We know, thanks to a growing body of research on suicide and the conditions that accompany it, that more and more of us are living through a time of seamless black: a period of mounting clinical depression, blossoming thoughts of oblivion and an abiding wish to get there by the nonscenic route. Every year since 1999, more Americans have killed themselves than the year before, making suicide the nation’s greatest untamed cause of death. In much of the world, it’s among the only major threats to get significantly worse in this century than in the last.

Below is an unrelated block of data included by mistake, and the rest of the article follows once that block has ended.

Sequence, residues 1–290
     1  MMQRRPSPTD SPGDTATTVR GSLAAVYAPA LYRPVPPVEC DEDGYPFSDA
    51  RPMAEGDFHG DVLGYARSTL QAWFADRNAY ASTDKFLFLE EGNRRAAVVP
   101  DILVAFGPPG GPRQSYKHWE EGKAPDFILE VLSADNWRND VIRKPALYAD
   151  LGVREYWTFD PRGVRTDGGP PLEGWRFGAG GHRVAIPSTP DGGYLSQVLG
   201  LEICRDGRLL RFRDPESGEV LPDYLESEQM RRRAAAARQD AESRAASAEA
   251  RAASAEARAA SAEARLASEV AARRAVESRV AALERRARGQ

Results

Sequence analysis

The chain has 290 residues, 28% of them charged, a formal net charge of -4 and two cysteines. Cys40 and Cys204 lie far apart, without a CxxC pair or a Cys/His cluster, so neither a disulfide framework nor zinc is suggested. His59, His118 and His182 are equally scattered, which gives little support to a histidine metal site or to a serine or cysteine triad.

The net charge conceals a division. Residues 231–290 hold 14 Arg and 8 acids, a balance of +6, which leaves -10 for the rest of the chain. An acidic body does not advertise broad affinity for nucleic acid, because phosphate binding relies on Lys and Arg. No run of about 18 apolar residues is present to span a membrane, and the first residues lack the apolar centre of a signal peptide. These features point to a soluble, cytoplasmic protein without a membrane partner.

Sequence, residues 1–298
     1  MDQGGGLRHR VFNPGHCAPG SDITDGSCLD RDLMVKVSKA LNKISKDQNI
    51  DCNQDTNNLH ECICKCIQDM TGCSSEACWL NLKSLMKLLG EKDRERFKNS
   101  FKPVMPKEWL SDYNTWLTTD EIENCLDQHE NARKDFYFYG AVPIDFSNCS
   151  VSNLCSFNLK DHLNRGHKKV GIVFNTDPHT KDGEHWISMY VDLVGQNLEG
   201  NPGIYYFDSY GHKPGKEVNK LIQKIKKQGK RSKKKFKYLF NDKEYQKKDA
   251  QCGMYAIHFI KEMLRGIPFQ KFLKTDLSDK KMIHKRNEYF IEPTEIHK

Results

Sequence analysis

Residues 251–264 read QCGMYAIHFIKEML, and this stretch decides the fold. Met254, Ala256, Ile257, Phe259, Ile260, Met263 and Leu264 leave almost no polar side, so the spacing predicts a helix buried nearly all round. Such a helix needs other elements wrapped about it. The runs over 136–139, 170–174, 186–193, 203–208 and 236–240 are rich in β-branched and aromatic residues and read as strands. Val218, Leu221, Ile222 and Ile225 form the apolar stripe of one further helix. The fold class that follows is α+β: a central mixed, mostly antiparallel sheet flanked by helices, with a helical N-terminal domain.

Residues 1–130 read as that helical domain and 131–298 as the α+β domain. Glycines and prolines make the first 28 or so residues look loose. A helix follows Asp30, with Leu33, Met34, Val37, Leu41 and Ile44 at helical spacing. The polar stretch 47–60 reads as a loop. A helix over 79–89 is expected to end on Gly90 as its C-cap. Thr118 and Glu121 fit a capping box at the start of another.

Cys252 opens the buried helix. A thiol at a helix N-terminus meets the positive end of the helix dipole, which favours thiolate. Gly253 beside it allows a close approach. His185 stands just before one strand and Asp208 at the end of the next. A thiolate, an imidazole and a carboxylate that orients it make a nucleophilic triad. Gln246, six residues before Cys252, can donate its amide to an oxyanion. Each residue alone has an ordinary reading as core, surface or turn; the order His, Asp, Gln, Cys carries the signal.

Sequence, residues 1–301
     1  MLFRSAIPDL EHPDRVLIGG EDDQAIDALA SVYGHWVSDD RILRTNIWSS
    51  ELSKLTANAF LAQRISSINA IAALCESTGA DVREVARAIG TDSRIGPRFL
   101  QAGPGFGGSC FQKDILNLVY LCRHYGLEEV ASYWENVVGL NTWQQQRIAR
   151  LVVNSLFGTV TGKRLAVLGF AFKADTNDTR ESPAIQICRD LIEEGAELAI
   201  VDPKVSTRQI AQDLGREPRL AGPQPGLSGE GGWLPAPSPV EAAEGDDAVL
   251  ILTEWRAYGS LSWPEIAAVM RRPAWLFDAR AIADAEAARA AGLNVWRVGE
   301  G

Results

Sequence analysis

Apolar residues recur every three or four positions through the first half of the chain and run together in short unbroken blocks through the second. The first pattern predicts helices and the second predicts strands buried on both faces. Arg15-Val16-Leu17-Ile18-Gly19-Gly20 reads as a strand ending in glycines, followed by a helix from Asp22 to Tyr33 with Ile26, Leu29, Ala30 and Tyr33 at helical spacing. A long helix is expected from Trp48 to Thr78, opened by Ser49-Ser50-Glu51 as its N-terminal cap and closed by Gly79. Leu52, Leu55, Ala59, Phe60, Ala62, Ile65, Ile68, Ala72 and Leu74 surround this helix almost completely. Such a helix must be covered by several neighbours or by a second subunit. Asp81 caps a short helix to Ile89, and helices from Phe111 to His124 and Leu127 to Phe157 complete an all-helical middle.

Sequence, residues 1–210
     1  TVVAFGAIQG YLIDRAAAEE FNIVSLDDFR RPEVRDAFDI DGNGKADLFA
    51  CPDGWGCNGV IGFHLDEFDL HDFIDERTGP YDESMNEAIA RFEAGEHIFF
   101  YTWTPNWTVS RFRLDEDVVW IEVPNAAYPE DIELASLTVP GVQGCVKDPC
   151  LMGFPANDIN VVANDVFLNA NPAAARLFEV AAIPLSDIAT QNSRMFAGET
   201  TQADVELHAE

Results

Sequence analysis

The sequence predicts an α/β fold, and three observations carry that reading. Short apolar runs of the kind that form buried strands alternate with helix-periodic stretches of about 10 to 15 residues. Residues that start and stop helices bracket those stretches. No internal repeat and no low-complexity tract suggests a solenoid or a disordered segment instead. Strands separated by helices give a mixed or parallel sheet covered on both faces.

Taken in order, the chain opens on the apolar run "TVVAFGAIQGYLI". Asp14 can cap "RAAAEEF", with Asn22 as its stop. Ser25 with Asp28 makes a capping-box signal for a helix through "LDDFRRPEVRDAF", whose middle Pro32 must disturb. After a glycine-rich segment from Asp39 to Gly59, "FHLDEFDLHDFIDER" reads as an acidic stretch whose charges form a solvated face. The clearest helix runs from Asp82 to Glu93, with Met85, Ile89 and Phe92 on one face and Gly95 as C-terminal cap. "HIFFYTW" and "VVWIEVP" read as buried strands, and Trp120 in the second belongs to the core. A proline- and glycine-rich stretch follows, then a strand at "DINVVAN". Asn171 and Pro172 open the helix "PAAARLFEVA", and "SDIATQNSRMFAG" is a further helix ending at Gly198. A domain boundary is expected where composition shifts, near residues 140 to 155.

The result is an accelerating paradox. Over the last five decades, millions of lives have been remade for the better. Yet within this brighter tomorrow, we suffer unprecedented despair. In a time defined by ever more social progress and astounding innovations, we have never been more burdened by sadness or more consumed by self-harm. And this may be only the beginning. If Joiner and others are right—and a landmark collection of studies suggests they are—we’ve reached the end of one order of human history and are at the beginning of a new order entirely, one beset by a whole lot of self-inflicted bloodshed, and a whole lot more to come.